Business Analytics is a growing practice, and something that every business can benefit from. But what exactly is Business Analytics? Here is a very brief overview: Business Analytics is the practice of analyzing a business’ data, with the intent of making future decisions based on that analysis. Some companies may use this data as an asset and “leverage it for competitive advantage,” while others simply use it to optimize their day-to-day operations.
It is important to note, however, that the quality of the data and the expertise of the analysts will play a major role in the effectiveness of your business analytics. Poor data and inexperienced analysts will not produce optimal results. Fortunately, it is relatively easy to gather useful data and find someone who will do it justice when analyzing it.
How is it used?
Examples of uses of business analytics include data mining (the process by which patterns and relationships in data are uncovered), predictive modeling (using data from the past to predict behavior in the future), and statistical analysis (“explaining why a certain result occurred,” according to Tech Target). The overall goal of the analysis project will determine which methods will be used to analyze data –every method will not give you the results you’re looking for. Choosing the right analysis method will give you the results you want and that can be used correctly in the context that you’ve chosen.
What’s the difference…?
Although the term “business intelligence” is often used in place of “business analytics,” they are two separate topics and care should be taken to use the correct term. Business analytics is typically more in-depth and detailed in its response than business intelligence.
Business Analytics answers the questions, “Why did this happen? Will it happen again? What will happen if we change something? Does the data tell us something else we didn’t think of ourselves?” Business Intelligence simply answers “What happened? When? Who? How many?” but doesn’t ask the same probing questions as analytics does. From this simple example, it is easy to see that, while business intelligence is valuable, it doesn’t provide the in-depth answers that you would get from business analytics.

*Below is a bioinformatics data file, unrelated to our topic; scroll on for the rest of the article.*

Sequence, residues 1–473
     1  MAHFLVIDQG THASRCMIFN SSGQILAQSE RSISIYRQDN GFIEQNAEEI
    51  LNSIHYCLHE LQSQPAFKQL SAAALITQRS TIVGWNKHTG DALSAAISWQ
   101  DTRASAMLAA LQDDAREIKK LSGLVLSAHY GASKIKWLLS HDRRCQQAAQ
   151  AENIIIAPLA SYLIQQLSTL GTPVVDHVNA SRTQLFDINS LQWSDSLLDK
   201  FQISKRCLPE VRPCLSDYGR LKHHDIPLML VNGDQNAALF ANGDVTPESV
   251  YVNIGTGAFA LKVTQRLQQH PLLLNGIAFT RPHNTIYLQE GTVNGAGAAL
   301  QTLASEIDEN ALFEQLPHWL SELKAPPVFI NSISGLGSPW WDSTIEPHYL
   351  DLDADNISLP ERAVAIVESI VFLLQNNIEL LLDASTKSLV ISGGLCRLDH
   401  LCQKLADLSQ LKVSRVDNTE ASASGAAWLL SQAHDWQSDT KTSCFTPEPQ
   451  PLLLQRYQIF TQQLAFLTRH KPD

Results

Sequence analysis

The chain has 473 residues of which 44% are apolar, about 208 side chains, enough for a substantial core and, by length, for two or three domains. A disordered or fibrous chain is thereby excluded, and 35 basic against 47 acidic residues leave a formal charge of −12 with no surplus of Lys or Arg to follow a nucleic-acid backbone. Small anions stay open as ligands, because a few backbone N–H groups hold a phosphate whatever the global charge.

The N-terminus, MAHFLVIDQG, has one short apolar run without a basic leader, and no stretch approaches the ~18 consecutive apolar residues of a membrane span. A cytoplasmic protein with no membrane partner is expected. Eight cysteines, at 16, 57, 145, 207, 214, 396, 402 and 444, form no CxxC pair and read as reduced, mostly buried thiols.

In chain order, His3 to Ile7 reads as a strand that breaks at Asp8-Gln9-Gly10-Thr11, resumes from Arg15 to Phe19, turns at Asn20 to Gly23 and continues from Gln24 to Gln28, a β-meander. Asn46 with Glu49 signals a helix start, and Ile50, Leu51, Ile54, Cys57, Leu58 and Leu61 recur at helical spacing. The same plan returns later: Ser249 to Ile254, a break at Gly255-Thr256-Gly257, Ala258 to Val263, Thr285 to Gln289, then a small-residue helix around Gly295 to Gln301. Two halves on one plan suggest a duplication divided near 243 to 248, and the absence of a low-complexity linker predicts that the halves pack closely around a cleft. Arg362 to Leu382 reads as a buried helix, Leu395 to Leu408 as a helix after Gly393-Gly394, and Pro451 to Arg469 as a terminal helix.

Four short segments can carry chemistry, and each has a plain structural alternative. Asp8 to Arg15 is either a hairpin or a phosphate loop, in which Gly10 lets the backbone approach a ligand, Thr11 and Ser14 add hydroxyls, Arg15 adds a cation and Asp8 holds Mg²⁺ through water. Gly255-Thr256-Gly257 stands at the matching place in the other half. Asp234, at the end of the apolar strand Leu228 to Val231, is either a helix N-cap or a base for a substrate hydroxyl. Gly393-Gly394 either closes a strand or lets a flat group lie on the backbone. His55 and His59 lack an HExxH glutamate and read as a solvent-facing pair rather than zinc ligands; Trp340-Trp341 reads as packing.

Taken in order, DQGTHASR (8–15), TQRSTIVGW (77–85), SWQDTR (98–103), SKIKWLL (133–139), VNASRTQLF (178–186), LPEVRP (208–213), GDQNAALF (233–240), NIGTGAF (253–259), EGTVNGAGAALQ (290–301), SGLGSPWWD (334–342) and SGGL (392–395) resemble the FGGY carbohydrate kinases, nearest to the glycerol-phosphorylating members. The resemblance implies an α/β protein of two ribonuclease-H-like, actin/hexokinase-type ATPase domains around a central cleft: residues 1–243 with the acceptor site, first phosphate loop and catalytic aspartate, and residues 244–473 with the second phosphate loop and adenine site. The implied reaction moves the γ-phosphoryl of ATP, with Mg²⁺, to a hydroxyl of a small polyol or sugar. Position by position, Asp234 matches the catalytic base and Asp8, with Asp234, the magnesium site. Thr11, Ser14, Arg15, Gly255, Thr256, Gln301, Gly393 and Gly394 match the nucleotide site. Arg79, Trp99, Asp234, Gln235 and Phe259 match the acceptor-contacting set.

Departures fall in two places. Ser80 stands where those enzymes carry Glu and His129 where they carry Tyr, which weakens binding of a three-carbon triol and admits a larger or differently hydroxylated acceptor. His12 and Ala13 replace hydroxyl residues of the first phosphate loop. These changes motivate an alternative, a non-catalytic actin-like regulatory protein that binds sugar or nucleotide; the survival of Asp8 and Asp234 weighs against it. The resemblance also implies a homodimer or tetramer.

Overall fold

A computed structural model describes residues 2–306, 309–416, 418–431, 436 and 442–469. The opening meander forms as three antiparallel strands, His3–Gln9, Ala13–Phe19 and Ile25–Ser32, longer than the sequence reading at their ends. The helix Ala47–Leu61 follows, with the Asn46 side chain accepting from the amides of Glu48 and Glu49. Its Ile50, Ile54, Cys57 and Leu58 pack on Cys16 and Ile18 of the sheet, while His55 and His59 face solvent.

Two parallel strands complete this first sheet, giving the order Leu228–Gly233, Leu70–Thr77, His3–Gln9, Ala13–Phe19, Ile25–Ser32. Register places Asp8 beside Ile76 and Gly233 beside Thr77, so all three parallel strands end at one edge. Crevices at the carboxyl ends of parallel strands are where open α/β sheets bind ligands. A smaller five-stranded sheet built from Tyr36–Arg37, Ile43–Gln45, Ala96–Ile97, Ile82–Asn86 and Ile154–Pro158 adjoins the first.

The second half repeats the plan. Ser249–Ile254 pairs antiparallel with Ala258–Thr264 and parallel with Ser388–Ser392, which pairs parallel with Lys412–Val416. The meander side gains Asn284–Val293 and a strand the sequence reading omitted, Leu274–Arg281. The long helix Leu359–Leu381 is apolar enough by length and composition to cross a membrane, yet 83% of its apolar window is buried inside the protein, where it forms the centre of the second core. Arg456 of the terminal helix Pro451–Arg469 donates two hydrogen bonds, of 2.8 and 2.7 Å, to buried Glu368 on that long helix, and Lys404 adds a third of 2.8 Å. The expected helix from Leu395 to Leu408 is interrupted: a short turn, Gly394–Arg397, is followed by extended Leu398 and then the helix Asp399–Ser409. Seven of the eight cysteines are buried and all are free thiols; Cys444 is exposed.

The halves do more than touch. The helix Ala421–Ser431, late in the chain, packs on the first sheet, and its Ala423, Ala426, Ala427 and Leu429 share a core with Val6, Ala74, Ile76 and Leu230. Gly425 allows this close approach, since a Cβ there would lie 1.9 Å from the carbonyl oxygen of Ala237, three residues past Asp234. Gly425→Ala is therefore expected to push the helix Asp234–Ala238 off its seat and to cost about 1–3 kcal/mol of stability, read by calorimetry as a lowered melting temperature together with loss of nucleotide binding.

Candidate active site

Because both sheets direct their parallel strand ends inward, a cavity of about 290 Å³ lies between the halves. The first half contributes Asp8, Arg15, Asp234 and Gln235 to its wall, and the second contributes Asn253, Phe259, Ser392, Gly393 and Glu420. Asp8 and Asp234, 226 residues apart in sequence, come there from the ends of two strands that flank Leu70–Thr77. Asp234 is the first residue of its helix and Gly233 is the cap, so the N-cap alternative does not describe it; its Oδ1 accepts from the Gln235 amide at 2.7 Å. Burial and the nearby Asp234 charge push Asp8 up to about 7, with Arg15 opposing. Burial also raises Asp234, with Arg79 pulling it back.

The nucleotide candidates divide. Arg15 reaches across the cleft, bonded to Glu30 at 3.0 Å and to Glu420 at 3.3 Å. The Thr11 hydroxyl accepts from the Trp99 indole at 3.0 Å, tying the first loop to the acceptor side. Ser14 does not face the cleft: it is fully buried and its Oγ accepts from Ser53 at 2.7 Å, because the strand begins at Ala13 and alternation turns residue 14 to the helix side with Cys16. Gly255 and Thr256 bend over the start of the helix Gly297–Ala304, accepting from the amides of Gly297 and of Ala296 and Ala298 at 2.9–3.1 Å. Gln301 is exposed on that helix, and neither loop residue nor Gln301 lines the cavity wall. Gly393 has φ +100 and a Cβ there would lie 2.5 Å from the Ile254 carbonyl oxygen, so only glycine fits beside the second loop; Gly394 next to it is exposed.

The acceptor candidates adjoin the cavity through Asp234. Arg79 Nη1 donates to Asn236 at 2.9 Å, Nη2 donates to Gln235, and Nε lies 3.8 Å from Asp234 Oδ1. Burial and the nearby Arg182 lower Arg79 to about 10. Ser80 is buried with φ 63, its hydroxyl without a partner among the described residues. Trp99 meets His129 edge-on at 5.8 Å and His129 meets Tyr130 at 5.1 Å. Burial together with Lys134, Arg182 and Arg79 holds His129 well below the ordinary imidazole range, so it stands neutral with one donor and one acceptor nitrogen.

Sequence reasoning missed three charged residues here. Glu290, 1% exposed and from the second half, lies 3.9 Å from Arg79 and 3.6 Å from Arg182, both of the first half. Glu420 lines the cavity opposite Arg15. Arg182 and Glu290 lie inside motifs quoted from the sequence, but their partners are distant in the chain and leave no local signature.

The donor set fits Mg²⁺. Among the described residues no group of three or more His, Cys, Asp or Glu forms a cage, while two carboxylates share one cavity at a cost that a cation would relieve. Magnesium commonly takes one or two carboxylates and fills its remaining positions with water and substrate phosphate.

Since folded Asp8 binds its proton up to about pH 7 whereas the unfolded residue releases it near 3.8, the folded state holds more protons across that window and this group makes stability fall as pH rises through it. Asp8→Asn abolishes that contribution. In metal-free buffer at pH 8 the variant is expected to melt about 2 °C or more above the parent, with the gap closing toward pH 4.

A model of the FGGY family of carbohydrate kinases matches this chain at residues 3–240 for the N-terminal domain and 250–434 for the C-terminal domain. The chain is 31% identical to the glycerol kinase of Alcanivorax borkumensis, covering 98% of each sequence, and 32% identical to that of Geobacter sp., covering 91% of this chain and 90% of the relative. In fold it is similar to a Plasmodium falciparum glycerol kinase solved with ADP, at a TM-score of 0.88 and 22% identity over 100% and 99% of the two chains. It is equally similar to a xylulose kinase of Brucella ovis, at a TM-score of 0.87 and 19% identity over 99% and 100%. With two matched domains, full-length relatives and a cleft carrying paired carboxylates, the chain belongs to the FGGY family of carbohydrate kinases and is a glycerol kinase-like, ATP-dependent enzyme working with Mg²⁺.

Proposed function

What can it do?
Business analytics is very valuable for companies looking to reduce overhead, increase profit, streamline services, optimize product offerings, and improve customer service. It may seem impossible that all of these areas could be improved with one analysis, but it’s true! For example, by taking a look at your company’s history, you can see what products were most popular (you’ll want to continue to stock those) and which ones were duds (you’ll want to discontinue those to save money), what your peak service hours were (keep those) and which hours were underutilized (toss those), et cetera.
Simply looking into these matters and the data trends that surround them can save your brand lots of money and improve the quality of your products and services. Business analytics can be used in any aspect of your company (sales, research and development, customer service) to streamline and maximize effectiveness.
This post was written by a guest contributor for MSU Business Analytics, hosted by the Broad College of Business and home of the Business Analytics programs.